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How to Find Low Competition Keywords with High Traffic (Hint: Answer Questions)
John PrattWednesday, 6th Jul 2022
Julia McCoy5 min read · Jan 11 2022
Every professional SEO knows how hard it is to find low competition keywords, especially those that have high traffic potential. That’s because everyone is searching for them.
If you run a small website with low authority, low-competition keywords are your best bet for generating traffic. But only if you can find them!
In this article, you will learn how to find low competition keywords with high traffic potential. Let’s look at the entire process, including why these keywords should be your focus.
What Are Low Competition Keywords?
Low competition keywords are search terms that not many websites are targeting directly. These keywords are the easiest to rank for. The benefits of targeting these keywords include higher search engine rankings (because you can easily beat the competition) to increased traffic (because you’ll rank higher in Google as a result of lower competition).
Low competition keywords are typically long-tail, which means they are usually long phrases or question-type queries — think 3-5 words long versus 1-2. Even though they often have fewer searches than high-traffic ones, these keywords have a more defined scope and bring in more qualified traffic.
Image from Wordstream
Rather than attempting to out-compete larger websites for highly competitive terms such as “pet supplies,” targeting low-competition keywords can give you the edge you need.
For example, if you’re selling pet products online, you might opt for a keyword like “dog grooming supplies” which has less search volume but still brings in quality leads who are searching for specific items related to their needs. By targeting less competitive keywords, you can gain a strategic edge over other businesses and ensure that your content gets noticed.
Less competitive keywords can be a boon for content marketing and SEO campaigns, providing an avenue to reach a wider audience with less effort.
But even though they are not as competitive as high search volume keywords, you are not the only person searching for low-competition keywords. So you will have to be intentional about how you research them. The “publish and pray” approach just does not work.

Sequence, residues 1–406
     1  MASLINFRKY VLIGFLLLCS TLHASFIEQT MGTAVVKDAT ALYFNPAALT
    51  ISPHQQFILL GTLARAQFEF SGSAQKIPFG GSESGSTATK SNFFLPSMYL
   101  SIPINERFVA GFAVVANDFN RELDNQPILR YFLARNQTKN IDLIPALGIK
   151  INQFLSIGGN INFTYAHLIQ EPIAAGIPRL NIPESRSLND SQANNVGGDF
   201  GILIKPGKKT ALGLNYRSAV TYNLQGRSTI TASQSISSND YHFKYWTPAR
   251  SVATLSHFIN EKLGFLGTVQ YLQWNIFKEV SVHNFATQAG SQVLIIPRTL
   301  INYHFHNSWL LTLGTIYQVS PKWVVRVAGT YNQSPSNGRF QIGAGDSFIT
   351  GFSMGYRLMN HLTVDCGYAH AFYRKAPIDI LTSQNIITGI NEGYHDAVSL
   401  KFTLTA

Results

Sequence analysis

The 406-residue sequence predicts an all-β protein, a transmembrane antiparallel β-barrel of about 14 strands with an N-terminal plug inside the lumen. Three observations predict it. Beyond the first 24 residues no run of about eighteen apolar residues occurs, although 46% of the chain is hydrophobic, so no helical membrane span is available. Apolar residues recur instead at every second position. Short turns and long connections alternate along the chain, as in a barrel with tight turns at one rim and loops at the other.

However, the process I will show you today works.
How to Find Low Competition Keywords with High Traffic
Keyword research is quite easy to get wrong, especially the competition metric. It’s easy to assume you have hit pay dirt with your research when you actually haven’t, especially if you’re not working with the right, up-to-date data.
When we talk about “competition,” we mean the difficulty of ranking for a specific keyword.
The more difficult a keyword is to rank for, the more competitive it is.
Most SEO tools like Ahrefs, Semrush, and Ubersuggest call this metric “keyword difficulty“, “KD“, or “SEO difficulty.” Content at Scale calls it “ranking difficulty.”
These tools rank keyword difficulty by things like:
- Domain rating/authority
- Social signals
But these factors are not enough to fully analyze the traffic potential and ranking difficulty of a keyword. Take the keyword “dicks golf shoes”. These are golf shoes from the sporting goods store, Dick’s.
On the surface, the keyword looks golden. Nearly 3k monthly searches with a “very easy” keyword difficulty according to Semrush.
But we have some clues as to why the competition is higher than it seems.
- Search intent: The intent for this keyword is commercial, meaning those who search it are trying to buy golf shoes. Commercial intent doesn’t inherently mean a keyword will be difficult to rank for, but in this case, you can guess the #1 search result (it’s Dick’s website).
- Search volume: 3k searches equate to a lot of traffic, but if a super easy-looking keyword has thousands of searches, be realistic about your ranking prospects.
- Intent (redux): That the search intent is commercial means there is not going to be much content on the page. What it also means is search engines base the top 10 positions less on content and more on pure ranking signals, typically backlinks.
So using keyword difficulty as your only measure for your chances of ranking for a keyword will be very misleading. You must consider the search intent first and foremost. That should tell you the type of content you will have to create to successfully target that keyword.